Thus it was born: The P.O.R.G. Method.
Put It Away. This decision was made for me: the café shut down. If it hadn’t, I probably would have sat there for hours, beating up on myself and finding more to hate with each passing page. Instead, I drove home and went to bed. A week later, after all the holiday wrapping paper was recycled and my Porg had claimed its rightful place on my dresser, I pulled my pages back out and tried again.
If you’re feeling down on yourself—or hungry—or tired—or you just want to drink wine from a glass, dammit—put your pages away. Choose to read them when you have energy and optimism. Maybe that’s early in the morning before everyone else is awake. Maybe it’s in your favorite library nook, or the room in your house that makes you happiest. Put it away until you can tackle it with gumption and gusto.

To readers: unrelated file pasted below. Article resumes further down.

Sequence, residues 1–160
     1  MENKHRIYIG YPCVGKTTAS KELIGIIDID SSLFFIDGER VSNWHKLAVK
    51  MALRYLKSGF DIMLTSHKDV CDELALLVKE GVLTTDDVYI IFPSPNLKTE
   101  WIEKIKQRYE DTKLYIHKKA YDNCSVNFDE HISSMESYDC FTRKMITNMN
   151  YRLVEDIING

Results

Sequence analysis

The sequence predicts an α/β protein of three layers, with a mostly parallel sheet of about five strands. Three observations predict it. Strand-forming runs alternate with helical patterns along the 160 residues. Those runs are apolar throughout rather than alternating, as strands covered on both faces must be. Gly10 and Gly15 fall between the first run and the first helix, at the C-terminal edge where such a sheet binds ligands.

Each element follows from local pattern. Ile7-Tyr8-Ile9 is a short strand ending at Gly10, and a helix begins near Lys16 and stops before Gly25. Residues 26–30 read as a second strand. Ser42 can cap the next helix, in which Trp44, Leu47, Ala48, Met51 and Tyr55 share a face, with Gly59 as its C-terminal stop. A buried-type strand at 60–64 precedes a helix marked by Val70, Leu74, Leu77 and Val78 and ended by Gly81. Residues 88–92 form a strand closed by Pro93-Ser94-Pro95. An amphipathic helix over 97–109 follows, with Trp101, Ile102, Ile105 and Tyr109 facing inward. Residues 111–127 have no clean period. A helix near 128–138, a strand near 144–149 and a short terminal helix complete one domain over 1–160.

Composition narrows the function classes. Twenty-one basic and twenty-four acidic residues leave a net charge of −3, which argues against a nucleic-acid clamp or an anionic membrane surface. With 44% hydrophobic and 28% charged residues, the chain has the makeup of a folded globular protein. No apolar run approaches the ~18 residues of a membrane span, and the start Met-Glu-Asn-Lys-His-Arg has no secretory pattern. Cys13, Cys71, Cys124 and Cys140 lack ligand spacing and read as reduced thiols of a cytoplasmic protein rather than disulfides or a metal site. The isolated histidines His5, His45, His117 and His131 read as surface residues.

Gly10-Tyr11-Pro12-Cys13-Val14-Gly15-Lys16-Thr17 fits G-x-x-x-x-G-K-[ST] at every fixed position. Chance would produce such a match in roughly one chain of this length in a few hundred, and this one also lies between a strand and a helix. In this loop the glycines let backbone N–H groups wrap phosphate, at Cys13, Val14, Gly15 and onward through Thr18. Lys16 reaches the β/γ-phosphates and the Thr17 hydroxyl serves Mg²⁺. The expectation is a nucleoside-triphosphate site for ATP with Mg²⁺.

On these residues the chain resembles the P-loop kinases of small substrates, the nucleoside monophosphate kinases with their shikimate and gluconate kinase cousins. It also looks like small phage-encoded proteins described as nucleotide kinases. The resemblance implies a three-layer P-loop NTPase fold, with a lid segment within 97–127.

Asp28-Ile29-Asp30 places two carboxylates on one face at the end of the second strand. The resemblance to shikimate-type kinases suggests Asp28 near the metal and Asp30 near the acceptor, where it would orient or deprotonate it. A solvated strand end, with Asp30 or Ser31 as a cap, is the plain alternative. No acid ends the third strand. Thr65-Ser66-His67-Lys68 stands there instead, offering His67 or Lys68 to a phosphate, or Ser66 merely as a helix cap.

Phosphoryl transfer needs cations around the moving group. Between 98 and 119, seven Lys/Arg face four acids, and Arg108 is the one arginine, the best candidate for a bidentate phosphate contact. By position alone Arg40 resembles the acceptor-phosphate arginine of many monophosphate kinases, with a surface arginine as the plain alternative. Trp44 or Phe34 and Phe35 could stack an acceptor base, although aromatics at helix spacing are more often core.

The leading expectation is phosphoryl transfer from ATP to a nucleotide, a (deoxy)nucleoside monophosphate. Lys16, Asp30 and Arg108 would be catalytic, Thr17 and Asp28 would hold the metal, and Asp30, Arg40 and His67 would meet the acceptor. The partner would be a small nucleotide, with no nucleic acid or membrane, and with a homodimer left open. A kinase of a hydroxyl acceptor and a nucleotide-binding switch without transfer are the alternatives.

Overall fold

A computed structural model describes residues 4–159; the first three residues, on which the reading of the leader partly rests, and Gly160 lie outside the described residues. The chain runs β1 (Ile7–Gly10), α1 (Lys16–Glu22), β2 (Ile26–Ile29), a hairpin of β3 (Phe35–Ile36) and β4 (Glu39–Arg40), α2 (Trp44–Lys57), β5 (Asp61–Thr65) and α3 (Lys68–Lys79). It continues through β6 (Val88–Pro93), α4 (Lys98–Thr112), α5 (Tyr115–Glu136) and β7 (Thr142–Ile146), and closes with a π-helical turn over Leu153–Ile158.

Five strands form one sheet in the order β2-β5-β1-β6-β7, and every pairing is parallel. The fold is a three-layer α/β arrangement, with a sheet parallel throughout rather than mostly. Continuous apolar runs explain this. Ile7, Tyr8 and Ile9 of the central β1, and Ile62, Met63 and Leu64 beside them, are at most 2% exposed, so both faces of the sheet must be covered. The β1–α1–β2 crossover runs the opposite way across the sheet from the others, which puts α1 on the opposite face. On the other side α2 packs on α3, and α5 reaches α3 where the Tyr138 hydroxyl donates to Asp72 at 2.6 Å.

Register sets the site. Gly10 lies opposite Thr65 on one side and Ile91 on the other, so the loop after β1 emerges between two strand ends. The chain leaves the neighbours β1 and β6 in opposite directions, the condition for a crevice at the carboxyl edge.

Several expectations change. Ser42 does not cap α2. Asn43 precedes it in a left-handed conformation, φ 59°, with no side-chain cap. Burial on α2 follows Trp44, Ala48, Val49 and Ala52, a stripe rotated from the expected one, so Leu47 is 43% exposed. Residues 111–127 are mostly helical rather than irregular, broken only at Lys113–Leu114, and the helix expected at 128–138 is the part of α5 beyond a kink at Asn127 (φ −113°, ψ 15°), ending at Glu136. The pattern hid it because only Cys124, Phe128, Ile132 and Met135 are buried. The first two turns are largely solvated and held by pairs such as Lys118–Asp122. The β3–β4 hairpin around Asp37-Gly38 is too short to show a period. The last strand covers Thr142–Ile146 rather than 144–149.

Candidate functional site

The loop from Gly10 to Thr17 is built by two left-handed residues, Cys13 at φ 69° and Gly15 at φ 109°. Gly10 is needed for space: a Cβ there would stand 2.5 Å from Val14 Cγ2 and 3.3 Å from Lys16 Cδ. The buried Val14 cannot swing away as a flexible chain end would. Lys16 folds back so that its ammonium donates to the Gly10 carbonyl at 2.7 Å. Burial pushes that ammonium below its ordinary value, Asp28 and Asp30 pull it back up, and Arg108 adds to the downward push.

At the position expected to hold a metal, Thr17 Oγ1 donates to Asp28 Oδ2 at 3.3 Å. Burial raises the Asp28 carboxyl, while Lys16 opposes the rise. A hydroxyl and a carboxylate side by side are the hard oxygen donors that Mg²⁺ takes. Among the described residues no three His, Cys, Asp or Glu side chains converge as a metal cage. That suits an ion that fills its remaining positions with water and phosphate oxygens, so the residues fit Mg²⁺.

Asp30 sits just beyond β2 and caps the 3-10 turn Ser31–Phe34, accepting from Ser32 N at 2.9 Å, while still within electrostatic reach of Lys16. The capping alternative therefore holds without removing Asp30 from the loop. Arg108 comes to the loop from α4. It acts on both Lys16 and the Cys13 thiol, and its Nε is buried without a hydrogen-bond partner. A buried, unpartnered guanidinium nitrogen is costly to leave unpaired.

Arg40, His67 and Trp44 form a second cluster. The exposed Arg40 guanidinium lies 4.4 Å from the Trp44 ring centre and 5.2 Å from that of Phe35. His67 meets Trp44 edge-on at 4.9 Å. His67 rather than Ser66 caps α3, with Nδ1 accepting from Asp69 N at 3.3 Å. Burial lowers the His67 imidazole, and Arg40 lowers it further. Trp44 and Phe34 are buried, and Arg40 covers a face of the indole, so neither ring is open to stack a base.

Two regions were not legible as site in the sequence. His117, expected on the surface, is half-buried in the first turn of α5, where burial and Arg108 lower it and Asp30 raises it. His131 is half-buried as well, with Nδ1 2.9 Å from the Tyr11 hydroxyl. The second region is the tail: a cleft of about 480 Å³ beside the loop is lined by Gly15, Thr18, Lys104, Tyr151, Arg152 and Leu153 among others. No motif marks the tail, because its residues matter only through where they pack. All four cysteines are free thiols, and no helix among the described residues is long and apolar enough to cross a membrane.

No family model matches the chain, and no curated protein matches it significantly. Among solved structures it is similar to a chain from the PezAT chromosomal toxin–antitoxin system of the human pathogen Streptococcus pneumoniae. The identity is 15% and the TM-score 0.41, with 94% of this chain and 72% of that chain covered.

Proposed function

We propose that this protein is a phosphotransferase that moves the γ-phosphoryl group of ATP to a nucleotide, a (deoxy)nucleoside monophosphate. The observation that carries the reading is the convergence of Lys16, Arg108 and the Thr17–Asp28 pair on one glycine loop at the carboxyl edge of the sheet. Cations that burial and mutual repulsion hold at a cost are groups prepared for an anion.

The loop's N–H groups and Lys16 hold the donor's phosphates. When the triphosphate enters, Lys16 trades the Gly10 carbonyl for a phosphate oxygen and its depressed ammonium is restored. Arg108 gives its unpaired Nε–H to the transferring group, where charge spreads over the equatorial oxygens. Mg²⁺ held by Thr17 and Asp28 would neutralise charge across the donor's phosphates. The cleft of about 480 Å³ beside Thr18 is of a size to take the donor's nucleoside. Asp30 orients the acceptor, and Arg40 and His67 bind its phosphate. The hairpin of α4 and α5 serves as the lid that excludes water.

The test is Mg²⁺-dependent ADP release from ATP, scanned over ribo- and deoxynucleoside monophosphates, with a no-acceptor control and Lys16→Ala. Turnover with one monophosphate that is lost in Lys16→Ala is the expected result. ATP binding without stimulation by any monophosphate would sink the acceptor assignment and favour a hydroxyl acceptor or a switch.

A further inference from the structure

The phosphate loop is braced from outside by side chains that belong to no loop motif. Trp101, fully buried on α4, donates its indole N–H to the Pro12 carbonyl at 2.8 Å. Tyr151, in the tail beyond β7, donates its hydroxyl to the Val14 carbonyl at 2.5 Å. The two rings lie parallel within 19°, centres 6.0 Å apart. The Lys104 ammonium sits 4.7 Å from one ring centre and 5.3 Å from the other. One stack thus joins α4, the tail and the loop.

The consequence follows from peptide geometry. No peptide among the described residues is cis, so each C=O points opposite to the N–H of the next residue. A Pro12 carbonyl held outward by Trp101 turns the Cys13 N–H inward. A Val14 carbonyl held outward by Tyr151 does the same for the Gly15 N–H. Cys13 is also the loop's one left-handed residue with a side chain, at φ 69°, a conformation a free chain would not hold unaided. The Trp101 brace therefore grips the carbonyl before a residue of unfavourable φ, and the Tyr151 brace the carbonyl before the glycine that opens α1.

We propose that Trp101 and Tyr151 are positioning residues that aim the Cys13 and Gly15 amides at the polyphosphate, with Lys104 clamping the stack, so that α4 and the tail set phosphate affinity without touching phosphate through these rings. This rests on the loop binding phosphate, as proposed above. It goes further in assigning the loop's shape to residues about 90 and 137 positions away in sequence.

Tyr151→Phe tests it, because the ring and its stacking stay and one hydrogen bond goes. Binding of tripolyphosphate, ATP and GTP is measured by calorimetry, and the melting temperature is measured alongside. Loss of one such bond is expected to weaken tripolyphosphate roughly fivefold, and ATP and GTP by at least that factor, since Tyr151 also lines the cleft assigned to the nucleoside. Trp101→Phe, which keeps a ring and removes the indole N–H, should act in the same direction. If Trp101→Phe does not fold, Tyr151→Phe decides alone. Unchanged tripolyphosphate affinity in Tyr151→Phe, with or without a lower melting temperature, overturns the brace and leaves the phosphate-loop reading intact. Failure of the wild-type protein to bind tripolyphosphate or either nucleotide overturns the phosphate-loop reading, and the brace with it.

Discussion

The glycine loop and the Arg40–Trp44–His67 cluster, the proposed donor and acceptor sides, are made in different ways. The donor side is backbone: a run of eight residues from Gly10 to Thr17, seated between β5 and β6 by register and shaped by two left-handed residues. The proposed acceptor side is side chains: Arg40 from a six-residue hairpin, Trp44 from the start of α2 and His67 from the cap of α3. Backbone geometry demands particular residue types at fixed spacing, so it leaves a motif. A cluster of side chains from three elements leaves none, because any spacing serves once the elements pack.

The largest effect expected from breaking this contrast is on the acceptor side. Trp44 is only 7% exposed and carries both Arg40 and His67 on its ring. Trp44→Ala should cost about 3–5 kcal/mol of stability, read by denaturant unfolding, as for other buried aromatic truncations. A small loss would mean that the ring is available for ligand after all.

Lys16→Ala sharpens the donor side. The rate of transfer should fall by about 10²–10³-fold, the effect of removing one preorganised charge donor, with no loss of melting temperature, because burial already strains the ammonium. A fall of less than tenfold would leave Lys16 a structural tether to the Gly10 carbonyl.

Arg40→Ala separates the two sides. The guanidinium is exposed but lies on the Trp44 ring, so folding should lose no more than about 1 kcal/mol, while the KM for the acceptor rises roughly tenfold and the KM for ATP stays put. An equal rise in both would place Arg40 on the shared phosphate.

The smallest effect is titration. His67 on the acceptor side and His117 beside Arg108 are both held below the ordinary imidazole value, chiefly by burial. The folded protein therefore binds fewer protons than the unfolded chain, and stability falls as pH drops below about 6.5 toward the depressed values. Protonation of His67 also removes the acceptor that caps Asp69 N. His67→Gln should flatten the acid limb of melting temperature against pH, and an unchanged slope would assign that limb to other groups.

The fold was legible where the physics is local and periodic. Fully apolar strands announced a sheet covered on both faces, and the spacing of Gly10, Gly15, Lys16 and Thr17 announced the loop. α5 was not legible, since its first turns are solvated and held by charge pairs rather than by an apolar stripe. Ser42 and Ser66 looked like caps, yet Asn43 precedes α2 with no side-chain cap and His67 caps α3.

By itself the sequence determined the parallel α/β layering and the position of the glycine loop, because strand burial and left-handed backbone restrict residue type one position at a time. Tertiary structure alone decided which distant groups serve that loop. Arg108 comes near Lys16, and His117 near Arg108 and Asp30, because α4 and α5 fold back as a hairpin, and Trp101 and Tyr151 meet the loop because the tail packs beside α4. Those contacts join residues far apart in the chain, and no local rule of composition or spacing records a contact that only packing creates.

Also: Be picky about where and when you read your work. That isn’t just your right as an artist—it’s your responsibility. Choose the best conditions for you.
Own It. There are going to be things you don’t love about your work. Congratulations! You’re a writer. There’s plenty I still need to work on—I have a novel coming out in July, yes, but it is far from perfect. Hopefully every book I write for the rest of my life will be a little better than the last. If I don’t continue to improve, what’s the point? But there is also stuff I do well, little flourishes and touches that make me proud.
I guarantee it’s the same for you. Sure, there are skills you could strengthen; there is always room to grow. You also have gifts that are brilliantly, uniquely, powerfully you. Do your characters leap off the page? Is your worldbuilding rich and resonant? Are you a master of dialogue? Do you have a natural sense of plot and pacing? Is your prose gorgeous?